Given that they are not very proficient swimmers, around two million years ago, the formation of the Congo River forced a population of chimpanzees to separate into chimps and pygmy chimps, after many generations of being isolated from each other. This led to the speciation of the more gracile version which is commonly known as bonobos. They live south of the river while their chimpanzee ancestors remained in the north. To be even more precise, bonobos are only found south of the Congo River and north of the Kasai River, in the humid forests of what is now the Democratic Republic of Congo. As a result of this, the bonobos went down a very different evolutionary path from all the other apes. This means that bonobos (Pan paniscus) are not a subspecies of chimpanzees (Pan troglodytes), but rather a distinct species in their own right.
Still, the bonobo genome is only about 0.4% divergent from the chimpanzee genome. Plus, DNA evidence suggests the bonobos and chimpanzees genetically diverged approximately 880,000 years ago, much later than when they diverged geographically. During that period of prehistory, they were confronted by acidification and the spread of savannas. As a result of this, and other factors, wild bonobos are exclusively found in a 190,000 square mile area of the Congo Basin, in the politically unstable Democratic Republic of the Congo, Central Africa. Deep in the heart of the continent, they typically inhabit primary and secondary forests, including seasonally inundated swamps.
In line with this, the species is omnivorous. This is very important because, in the Congolese tropical rainforest, the vast majority of plants need animals to reproduce and disperse their seeds. More to the point, bonobos are the largest fruit-eating animals in this region, after elephants. In fact, each bonobo will ingest and disperse nine tons of seeds, from more nearly 100 different species of plants. These seeds will travel 24 hours in the bonobo digestive tract, which will transfer them over several miles, where they will be deposited intact in their feces. This means that the disappearance of the bonobos, which disperse seeds of 65% of the tree species in those all-important oxygen-producing forests, would have severe consequences for the conservation of the Congo rain forest and the overall future of the planet in general.
To give you a sense of what they’re like, bonobos are distinguishable from chimpanzees because their heads are relatively smaller than that of the common chimpanzee with less prominent brow ridges above the eyes. Bonobos also have a black face with pink lips, small ears, wide nostrils, and long hair that forms a part down the middle. The bonobo also has a slim upper body, narrow shoulders, thin neck, and long legs when compared to the common chimpanzee. In general, male bonobos average nearly 4 feet when standing upright, compared to 3 and a half in females. Plus, their body mass ranges from about 70 to 130 pounds, with an average weight of 100 pounds in males against an average of 75 pounds in females.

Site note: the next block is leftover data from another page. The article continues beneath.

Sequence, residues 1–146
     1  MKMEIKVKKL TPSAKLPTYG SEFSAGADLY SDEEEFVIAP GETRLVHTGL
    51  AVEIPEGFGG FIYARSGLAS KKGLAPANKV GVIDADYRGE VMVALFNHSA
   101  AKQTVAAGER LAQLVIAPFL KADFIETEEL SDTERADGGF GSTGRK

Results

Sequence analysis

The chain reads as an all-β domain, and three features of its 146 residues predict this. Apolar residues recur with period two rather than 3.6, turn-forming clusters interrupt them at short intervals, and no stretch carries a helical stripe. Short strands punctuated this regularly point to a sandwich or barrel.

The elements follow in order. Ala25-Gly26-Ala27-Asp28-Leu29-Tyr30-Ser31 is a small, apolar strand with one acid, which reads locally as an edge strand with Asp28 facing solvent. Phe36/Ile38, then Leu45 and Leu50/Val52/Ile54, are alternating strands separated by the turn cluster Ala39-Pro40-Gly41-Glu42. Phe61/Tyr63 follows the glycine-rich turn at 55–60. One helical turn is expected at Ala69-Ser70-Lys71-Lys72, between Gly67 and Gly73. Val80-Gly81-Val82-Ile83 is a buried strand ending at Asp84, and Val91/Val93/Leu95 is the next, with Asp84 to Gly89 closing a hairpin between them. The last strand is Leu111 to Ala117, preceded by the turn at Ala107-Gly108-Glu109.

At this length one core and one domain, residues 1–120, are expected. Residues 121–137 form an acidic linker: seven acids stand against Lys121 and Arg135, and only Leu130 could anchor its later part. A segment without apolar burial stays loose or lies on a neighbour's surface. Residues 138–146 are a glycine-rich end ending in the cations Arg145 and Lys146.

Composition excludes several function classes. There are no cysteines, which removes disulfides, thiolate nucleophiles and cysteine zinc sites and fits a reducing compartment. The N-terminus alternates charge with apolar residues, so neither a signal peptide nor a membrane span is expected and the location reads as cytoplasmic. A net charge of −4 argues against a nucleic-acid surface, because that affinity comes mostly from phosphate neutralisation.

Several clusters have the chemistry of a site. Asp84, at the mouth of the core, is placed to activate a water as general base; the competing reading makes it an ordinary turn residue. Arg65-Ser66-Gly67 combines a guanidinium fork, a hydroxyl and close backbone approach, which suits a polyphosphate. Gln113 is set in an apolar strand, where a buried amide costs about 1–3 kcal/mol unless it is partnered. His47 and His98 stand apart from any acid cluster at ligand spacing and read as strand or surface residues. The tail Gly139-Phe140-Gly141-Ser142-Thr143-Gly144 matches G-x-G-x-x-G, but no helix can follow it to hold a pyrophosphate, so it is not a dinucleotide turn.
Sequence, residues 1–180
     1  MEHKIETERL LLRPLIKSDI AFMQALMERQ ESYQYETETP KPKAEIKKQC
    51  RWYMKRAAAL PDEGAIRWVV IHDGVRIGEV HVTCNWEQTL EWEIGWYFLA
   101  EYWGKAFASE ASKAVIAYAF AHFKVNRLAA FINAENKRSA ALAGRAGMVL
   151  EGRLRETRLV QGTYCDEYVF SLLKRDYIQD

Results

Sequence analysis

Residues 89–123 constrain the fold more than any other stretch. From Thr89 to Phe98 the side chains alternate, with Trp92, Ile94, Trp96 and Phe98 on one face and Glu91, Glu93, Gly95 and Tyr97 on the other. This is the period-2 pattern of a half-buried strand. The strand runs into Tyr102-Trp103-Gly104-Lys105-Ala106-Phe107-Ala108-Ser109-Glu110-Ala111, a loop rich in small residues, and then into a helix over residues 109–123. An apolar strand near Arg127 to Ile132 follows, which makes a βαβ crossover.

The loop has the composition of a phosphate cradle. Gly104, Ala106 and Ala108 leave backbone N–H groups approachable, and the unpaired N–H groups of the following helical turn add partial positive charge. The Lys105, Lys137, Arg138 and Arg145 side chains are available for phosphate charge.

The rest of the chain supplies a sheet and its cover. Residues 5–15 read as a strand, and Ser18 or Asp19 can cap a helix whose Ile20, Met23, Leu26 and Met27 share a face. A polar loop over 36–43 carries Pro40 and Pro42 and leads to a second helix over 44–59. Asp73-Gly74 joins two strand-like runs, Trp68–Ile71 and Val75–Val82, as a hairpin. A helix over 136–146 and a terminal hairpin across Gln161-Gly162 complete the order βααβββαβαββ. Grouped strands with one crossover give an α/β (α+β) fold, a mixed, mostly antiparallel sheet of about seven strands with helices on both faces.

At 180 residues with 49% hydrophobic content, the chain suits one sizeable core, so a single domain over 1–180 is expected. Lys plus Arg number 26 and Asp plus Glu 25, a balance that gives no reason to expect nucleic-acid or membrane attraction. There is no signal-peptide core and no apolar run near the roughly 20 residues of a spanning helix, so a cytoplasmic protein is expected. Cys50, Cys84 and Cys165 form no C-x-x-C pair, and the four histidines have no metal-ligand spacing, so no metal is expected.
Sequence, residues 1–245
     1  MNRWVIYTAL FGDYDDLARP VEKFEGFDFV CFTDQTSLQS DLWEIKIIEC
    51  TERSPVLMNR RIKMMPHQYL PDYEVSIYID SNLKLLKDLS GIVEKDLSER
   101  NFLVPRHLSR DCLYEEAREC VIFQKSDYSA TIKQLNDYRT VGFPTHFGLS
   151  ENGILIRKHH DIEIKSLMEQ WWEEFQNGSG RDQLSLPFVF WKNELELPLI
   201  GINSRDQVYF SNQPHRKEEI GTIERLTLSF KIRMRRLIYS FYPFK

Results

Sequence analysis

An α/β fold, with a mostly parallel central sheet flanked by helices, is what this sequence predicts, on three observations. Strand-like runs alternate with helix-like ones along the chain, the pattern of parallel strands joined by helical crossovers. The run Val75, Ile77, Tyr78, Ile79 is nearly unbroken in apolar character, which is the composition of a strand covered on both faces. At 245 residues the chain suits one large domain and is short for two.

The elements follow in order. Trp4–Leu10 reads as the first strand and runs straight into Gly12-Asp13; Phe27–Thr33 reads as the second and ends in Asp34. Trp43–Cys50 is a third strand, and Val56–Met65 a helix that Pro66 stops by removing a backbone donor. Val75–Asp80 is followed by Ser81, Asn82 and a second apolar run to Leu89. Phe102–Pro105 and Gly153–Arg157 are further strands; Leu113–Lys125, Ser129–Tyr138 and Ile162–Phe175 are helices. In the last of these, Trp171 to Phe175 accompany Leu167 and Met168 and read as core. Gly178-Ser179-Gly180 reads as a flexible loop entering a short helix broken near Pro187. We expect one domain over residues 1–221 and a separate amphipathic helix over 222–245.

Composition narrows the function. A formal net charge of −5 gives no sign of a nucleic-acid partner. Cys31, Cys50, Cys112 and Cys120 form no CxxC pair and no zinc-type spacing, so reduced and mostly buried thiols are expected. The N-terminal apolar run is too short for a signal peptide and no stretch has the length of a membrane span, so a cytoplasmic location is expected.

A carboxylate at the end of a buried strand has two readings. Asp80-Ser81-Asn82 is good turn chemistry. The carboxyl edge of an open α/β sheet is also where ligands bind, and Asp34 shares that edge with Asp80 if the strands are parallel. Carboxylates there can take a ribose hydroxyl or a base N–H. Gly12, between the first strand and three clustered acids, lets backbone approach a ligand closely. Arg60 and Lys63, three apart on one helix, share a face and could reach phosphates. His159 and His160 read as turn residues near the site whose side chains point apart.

With that being said, the real difference between bonobos and chimpanzees is in their behavior, not so much their appearance. The key to all of this is found in the way that these two different species resolve their problems with one another. According to Frans de Waal, an expert primatologist and one of the few people in the world to actually study bonobos, “Physical violence almost never occurs in bonobos, yet is common in chimpanzees.” He also asserts that “The use of sex to promote sharing, to negotiate favors, to smooth ruffled feathers, and to make up after fights is enough to make it the magic key to bonobo society.”
According to Jane Goodall, who is by far the world’s leading expert in the field, among chimpanzees “aggressive or avoidance behaviors outweigh friendly affiliative ones.” Jennifer Lindsey, who serves as a director at the Jane Goodall Institute, has stated that “Bonobos are an intensely peace-loving and gregarious species, avoiding social discord with a warm touch, embrace, or even sexual intercourse.” Similarly, Frans de Waal describes bonobos as being “a close relative of ours in which female alliances intimidate males, sexual behavior is as rich as ours, different groups do not fight but mingle, mothers take on a central role, and the greatest intellectual achievement is not tool use but sensitivity to others”. Of course, this is completely at variance with the other great apes.
In these hyper-sexual primates, clitorises are larger and more externalized than in most mammals. So, while the weight of a young adolescent female bonobo is about half that of a human teenager, she has a clitoris that is according to Frans de Waal “three times bigger than the human equivalent, and visible enough to waggle unmistakably as she walks.” As part of this, tribbing often happens within the immediate female bonobo community and sometimes even outside of it. The ethologist Jonathan Balcombe stated that female bonobos rub their clitorises together rapidly for ten to twenty seconds, and this behavior, “which may be repeated in rapid succession, is usually accompanied by grinding, shrieking, and clitoral engorgement.” He estimated that they engage in this lesbian practice “about once every two hours”. Along with having a deeply bonding effect, this functions as a means for female bonobos to evaluate their intrasocial relationships.